It’s safe to say that Joel Quenneville wasn’t pleased with the decision:

    One of the main criticisms of the challenge system is that the review is conducted on a small tablet by the referees on the ice instead of someone in a war room in Toronto or New York.

    Every time a goal is disallowed, the NHL writes a blog explaining why the decision was made.

    Here’s what they said about the call on Hossa:

    The Referee determined that Hossa interfered with Domingue before the puck crossed the goal line. According to Rule 78.7, “The standard for overturning the call in the event of a ‘GOAL’ call on the ice is that the Referee, after reviewing any and all available replays and consulting with the Toronto Video Room, determines that the goal should have been disallowed due to ‘Interference on the Goalkeeper,’ as described in Rules 69.1, 69.3 and 69.4.”

    Therefore the original call is overturned – no goal Chicago Blackhawks.

    Do you think the referee got the call right?

    Report: Penguins will host Flyers in an outdoor game in 2017

    In this photo made with a fisheye lens, fireworks go off above Heinz Field as fans hold cards with a message honoring veterans before an NFL football game between the Pittsburgh Steelers and Kansas City Chiefs, Monday, Nov. 12, 2012, in Pittsburgh. (AP Photo/Keith Srakocic)
    Associated Press
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    It looks like the battle of Pennsylvania will head outdoors in 2017, according to Scott Burnside of ESPN.

    The Pittsburgh Penguins are expected to host the Philadelphia Flyers at Heinz Field next year. It’s still unclear if the game will be a Stadium Series tilt or the NHL’s annual Winter Classic game on Jan. 1.

    Here’s an excerpt from Burnside’s story:

    The two state rivals have been talking for months about a plan for an outdoor game or series of outdoor games. There was discussion about playing an outdoor game at Penn State, but it’s believed financial demands by the university soured the teams on the neutral site as an option, so the two franchises have been looking at a reciprocal arrangement with an outdoor game played one year in Pittsburgh and a second game in Philadelphia perhaps the next year.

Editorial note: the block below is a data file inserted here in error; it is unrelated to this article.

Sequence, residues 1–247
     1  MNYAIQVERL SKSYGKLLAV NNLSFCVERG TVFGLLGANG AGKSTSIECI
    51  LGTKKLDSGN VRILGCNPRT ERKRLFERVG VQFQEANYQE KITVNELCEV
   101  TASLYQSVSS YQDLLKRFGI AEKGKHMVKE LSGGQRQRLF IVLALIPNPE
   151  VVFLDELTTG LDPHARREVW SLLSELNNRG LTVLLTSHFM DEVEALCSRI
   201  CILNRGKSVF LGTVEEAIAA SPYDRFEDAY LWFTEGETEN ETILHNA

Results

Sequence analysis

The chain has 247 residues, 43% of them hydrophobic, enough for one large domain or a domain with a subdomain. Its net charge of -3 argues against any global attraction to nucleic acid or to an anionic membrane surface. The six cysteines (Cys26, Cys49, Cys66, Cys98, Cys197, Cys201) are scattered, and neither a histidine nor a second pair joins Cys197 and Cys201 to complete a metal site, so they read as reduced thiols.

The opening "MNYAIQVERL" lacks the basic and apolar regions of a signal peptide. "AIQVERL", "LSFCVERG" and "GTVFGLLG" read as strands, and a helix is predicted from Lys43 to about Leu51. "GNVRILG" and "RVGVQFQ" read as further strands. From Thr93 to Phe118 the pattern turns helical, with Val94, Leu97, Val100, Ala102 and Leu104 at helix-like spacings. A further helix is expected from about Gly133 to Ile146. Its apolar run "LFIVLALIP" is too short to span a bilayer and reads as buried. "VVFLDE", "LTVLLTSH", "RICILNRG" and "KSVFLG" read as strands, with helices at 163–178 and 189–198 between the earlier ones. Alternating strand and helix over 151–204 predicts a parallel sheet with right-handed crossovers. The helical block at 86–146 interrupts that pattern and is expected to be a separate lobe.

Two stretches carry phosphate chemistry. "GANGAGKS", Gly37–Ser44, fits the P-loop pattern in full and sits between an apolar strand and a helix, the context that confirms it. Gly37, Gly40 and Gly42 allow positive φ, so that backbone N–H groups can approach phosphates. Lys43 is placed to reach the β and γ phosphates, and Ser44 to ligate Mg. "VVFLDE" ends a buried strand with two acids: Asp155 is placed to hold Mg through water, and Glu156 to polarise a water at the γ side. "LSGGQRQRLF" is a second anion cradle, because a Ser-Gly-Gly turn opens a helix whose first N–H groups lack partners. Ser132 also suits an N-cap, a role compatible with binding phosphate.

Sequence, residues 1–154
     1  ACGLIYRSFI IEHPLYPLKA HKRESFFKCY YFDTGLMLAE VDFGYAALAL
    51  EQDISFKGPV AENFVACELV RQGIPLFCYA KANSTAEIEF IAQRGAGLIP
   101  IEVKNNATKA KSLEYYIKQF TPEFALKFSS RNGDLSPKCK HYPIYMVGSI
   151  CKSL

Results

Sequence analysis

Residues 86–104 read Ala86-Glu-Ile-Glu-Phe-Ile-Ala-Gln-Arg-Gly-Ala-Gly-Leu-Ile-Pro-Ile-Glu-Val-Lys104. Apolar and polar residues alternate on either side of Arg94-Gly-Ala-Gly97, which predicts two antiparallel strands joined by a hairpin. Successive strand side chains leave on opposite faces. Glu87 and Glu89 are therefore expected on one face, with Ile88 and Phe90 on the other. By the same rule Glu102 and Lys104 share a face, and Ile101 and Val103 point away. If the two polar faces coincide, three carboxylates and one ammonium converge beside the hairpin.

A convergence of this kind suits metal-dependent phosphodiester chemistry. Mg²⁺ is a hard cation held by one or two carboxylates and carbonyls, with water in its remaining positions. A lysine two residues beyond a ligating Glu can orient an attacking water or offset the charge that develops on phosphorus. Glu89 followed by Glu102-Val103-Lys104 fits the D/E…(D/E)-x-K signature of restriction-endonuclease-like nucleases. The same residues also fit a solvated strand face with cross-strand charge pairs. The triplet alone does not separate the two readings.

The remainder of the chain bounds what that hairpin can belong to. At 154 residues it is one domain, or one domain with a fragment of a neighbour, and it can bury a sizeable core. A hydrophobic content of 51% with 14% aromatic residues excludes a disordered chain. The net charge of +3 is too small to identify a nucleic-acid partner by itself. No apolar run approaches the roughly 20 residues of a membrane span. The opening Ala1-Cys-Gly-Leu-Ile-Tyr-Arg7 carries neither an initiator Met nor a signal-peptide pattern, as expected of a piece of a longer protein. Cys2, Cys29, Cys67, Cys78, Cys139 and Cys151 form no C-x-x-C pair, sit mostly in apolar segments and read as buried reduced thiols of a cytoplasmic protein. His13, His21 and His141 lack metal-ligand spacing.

Although the Steelers and Penguins have a good working relationship, there could be a scheduling conflict if the NHL wants to make this game the Winter Classic.

    Jan. 1 will be the final day of the NFL’s regular season . Should the Steelers host a Wild Card game the following week, they’d likely decide that a hockey game on their field isn’t the wisest decision.

    To avoid this dilemma, the league would just have to move the game to Dec. 31.

    This would be the second time Heinz Field hosts an outdoor game (2011).

    Islanders officially activate Johnny Boychuk (upper body) off IR

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    The New York Islanders got some good news on the injury front, as they’ve activated Johnny Boychuk off injured reserve.

    The 32-year-old missed a total of 11 games because of an upper-body injury he suffered in a game against the Buffalo Sabres on Dec. 31 (above).

    New York went 5-5-1 without Boychuk, and they conceded four goals or more in five of those contests.

    In 38 games with Boychuk, the Islanders had allowed four goals or more just six times.

    The Islanders currently sit in third place in the Metropolitan Division. They’re three points behind the Rangers (two games in hand) and 18 points behind the first place Capitals.

    In a corresponding move, they assigned defenseman Scott Mayfield to the AHL.